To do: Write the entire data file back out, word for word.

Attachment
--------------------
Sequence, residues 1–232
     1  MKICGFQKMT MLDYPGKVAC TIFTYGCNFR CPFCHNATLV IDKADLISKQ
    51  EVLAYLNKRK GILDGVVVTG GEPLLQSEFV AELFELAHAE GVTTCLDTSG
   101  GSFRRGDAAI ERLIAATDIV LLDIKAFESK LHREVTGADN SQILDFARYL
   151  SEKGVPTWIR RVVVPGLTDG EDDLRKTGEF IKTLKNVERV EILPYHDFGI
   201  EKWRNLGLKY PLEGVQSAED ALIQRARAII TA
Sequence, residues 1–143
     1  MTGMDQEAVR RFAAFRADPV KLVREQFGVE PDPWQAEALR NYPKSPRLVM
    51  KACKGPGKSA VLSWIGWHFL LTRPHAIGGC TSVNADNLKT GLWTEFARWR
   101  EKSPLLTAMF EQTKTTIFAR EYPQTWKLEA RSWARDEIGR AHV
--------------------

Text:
Sequence, residues 1–232
     1  MKICGFQKMT MLDYPGKVAC TIFTYGCNFR CPFCHNATLV IDKADLISKQ
    51  EVLAYLNKRK GILDGVVVTG GEPLLQSEFV AELFELAHAE GVTTCLDTSG
   101  GSFRRGDAAI ERLIAATDIV LLDIKAFESK LHREVTGADN SQILDFARYL
   151  SEKGVPTWIR RVVVPGLTDG EDDLRKTGEF IKTLKNVERV EILPYHDFGI
   201  EKWRNLGLKY PLEGVQSAED ALIQRARAII TA
Sequence, residues 1–143
     1  MTGMDQEAVR RFAAFRADPV KLVREQFGVE PDPWQAEALR NYPKSPRLVM
    51  KACKGPGKSA VLSWIGWHFL LTRPHAIGGC TSVNADNLKT GLWTEFARWR
   101  EKSPLLTAMF EQTKTTIFAR EYPQTWKLEA RSWARDEIGR AHV